My memories of that summer between college and grad school, when I took a camp job with my friend Liz, are bittersweet.
Liz and I were co-counselors for a bunk of kids, and I had also signed on as drama counselor. When we arrived at camp I was introduced to Herb, the music counselor I’d be working closely with. He was a wonderfully warm, bright and funny guy and I liked him immediately. Music was Herb’s avocation and I soon learned what a talented pianist he was, even on the tinny rec hall upright.
Together Herb and I decided on the shows, and then cast, rehearsed, and directed the campers in three musicals – The Mikado, Oklahoma, and Guys and Dolls, mounting a new show every two weeks. And to this day when I hear tunes from those three great musicals, in my mind’s eye I see Herb sitting at the piano that long-ago summer, patiently teaching the kids to sing in key. (See Theatre Dreams)
Meanwhile Liz and Herb were fast becoming a couple, and unlike many summer romances, theirs seemed destined to last. As Liz’ good friend, and as Herb’s work partner, I became their natural go-between and confidante. And while working with Herb on such a creative and challenging endeavor, he and I came to know each other well and became good friends, much to Liz’ delight.
In the fall I started grad school in New York, Liz was also in New York, and she and Herb were still committed. But Herb was soon to return to Indiana to finish a graduate program, and after their wonderful summer together he and Liz were resigned to a long-distance relationship over the coming year.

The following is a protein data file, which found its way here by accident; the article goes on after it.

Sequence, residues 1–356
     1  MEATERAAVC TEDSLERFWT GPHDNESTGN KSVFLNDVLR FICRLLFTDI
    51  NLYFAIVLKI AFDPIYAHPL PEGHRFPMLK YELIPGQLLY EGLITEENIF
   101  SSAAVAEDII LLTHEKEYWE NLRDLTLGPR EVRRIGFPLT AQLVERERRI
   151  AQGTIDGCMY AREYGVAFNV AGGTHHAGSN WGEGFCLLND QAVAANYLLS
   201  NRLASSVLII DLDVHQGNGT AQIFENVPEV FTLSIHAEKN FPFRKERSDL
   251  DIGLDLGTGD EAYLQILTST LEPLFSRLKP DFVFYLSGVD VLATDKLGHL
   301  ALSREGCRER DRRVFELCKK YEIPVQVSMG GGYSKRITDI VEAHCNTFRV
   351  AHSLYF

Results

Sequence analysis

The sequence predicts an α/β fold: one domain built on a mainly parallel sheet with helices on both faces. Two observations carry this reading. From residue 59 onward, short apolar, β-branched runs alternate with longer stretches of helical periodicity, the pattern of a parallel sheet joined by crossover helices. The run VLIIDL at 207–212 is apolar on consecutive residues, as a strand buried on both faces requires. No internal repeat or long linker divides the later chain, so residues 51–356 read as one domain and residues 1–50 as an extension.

Herb did fly back to New York to spend Thanksgiving with his family and to see Liz, and after the holiday weekend he headed for the airport for his Indiana flight. But he and I hadn’t had the chance to see each other, and he called me from the airport to catch up. We spoke for awhile, and when he heard the call for his plane we said good-bye and he ran for the gate.
Hours later I got the awful news from an inconsolable Liz. After landing at the Bloomington airport Herb had picked up his car, and then driving to his apartment was in a fatal crash. I may have been the last person he’d spoken to.
Herb’s untimely death was tragic for his family, for Liz, and for all of us who knew him. But the scene we witnessed at his funeral was the most heartbreaking – as others tried in vain to restrain him, Herb’s weeping, disconsolate father jumped into the open grave as if to stop the shovelfuls of earth that were landing with mournful thuds on his son’s coffin.
May your memory be a blessing Herb, for those of us you taught to sing that bittersweet summer.
Dana Susan Lehrman
This retired librarian loves big city bustle and cozy country weekends, friends and family, good books and theatre, movies and jazz, travel, tennis, Yankee baseball, and writing about life as she sees it on her blog World Thru Brown Eyes!